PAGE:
Wu Qi, a senior fellow with the Beijing-based Pangoal Institution, said Chengdu’s secret weapons would be its solid “new economy” foundation, and more importantly, its strong government planning and initiative.
“It is already one of the leading cities in the current technological innovation drive, given the inflow of talent, existing research capabilities and expanding information-technology-related clusters,” he said.
The local government mapped the industrial chain chart and existing strength of artificial intelligence, big data, 5G, semiconductor and other key sectors, and tried to build a whole set of industrial chains and ecosystems, according to its 2019 work report.
Leung Chun-ying, former chief executive of Hong Kong, said on Monday at the Global Innovation and Technology Forum, sponsored by the Post, that “there are political, legal and policy barriers on the country level that hinder or prohibit the international transfer and global sharing of [technologies]”.
“We must unlock the potential of innovation and advancement in technology … and facilitate better international collaboration on a global scale,” Leung said. “We need to overcome apprehensions about sharing new technology among nations.”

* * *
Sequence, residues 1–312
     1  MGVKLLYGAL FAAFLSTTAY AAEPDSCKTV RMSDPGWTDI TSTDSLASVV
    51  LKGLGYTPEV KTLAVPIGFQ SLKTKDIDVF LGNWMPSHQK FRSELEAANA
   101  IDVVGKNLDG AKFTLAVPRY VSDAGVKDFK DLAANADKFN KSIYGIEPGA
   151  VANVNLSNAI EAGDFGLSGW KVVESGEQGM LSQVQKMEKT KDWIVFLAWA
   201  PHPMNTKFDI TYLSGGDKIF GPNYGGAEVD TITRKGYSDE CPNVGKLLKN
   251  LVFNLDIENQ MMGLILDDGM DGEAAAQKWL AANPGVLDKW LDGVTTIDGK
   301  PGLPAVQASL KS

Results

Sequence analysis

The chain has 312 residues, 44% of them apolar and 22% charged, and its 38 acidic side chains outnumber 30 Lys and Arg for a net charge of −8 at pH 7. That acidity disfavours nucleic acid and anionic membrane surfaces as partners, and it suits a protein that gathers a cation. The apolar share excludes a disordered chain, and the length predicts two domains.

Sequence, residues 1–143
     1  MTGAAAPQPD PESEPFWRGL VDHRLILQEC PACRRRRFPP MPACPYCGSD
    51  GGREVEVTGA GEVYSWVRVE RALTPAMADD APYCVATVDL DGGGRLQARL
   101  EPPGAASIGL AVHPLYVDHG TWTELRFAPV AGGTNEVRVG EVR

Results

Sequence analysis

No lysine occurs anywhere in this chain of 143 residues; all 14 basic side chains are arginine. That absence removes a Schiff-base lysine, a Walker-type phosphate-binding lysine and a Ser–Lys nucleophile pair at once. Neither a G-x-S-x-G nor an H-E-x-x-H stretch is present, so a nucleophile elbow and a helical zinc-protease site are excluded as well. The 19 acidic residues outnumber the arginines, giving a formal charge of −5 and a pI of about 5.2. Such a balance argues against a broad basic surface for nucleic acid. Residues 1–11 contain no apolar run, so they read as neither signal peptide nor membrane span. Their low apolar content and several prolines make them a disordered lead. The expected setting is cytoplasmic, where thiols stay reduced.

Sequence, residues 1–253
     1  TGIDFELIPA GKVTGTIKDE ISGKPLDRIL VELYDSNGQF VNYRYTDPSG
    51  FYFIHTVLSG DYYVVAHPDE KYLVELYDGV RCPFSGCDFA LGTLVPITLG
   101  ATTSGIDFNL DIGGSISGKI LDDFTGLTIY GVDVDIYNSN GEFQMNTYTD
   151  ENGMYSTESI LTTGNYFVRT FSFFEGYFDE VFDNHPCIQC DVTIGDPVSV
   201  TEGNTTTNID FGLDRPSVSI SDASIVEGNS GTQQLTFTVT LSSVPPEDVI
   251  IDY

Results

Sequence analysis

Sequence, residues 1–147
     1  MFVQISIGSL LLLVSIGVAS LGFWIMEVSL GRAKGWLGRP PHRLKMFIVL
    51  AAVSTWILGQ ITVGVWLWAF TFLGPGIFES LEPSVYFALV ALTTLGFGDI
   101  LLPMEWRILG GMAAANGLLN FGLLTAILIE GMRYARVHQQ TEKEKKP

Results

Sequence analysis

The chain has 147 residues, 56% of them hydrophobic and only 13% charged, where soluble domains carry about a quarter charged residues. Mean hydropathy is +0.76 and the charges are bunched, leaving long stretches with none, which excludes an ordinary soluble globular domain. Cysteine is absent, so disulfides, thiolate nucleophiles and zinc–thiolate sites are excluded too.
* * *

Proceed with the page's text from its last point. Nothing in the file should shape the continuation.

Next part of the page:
However, there are also lingering concerns over the city-level technology frenzy, which some have described as a variation of past local races to build skyscrapers or become financial hubs.
About 79 semiconductor-related firms have been set up in Chengdu so far this year, according to Qichacha, an enterprise information inquiry platform . And nationwide, nearly 10,000 companies have expanded their business scope to include semiconductors or integrated circuits.
“It won’t work well for governments to optimise industrial chains in the dual-circulation strategy and take the technological high ground with public funding,” former finance minister Lou Jiwei said at an internal conference of the Chinese Economists 50 Forum in mid-September, according to a transcript of his speech online. “It would result in more losses than gains, and could cause misunderstanding at home and abroad.”
Some of China’s chip-making projects have hit the rocks because of poor planning, market fluctuations or funding shortfalls.
A plant operated by Wuhan Hongxin Semiconductor Manufacturing in the central province of Hubei was revealed in July to have ground to a halt as a result of being underfunded. In the eastern province of Jiangsu, a US$3 billion government-backed chip plant owned by Tacoma (Nanjing) Semiconductor Technology went bankrupt in the same month after failing to attract investors.
Chengdu has also seen some setbacks, as the GlobalFoundries semiconductor manufacturer ceased operation of its US$100 million manufacturing joint venture earlier this year.
Zhang blamed many of the previous failures on a lack of due diligence, risk control and project management, and she insisted that the whole-nation mechanism is important to help correct market failures.
“The government must step in to break the bottlenecks in case no market entities are willing to invest,” she said. “We must … build our own ladder rather than rely on external environment changes.”